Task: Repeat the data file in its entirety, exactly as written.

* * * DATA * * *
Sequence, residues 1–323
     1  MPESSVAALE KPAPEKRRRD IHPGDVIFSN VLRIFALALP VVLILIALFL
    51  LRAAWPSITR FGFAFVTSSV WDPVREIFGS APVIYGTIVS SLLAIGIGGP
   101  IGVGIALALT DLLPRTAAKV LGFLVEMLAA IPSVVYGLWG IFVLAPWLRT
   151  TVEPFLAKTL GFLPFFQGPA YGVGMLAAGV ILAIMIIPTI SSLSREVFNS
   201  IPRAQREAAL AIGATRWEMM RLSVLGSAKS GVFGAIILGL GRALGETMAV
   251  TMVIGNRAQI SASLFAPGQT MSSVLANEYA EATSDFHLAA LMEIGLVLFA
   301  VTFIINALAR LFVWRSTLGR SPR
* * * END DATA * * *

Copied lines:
Sequence, residues 1–323
     1  MPESSVAALE KPAPEKRRRD IHPGDVIFSN VLRIFALALP VVLILIALFL
    51  LRAAWPSITR FGFAFVTSSV WDPVREIFGS APVIYGTIVS SLLAIGIGGP
   101  IGVGIALALT DLLPRTAAKV LGFLVEMLAA IPSVVYGLWG IFVLAPWLRT
   151  TVEPFLAKTL GFLPFFQGPA YGVGMLAAGV ILAIMIIPTI SSLSREVFNS
   201  IPRAQREAAL AIGATRWEMM RLSVLGSAKS GVFGAIILGL GRALGETMAV
   251  TMVIGNRAQI SASLFAPGQT MSSVLANEYA EATSDFHLAA LMEIGLVLFA
   301  VTFIINALAR LFVWRSTLGR SPR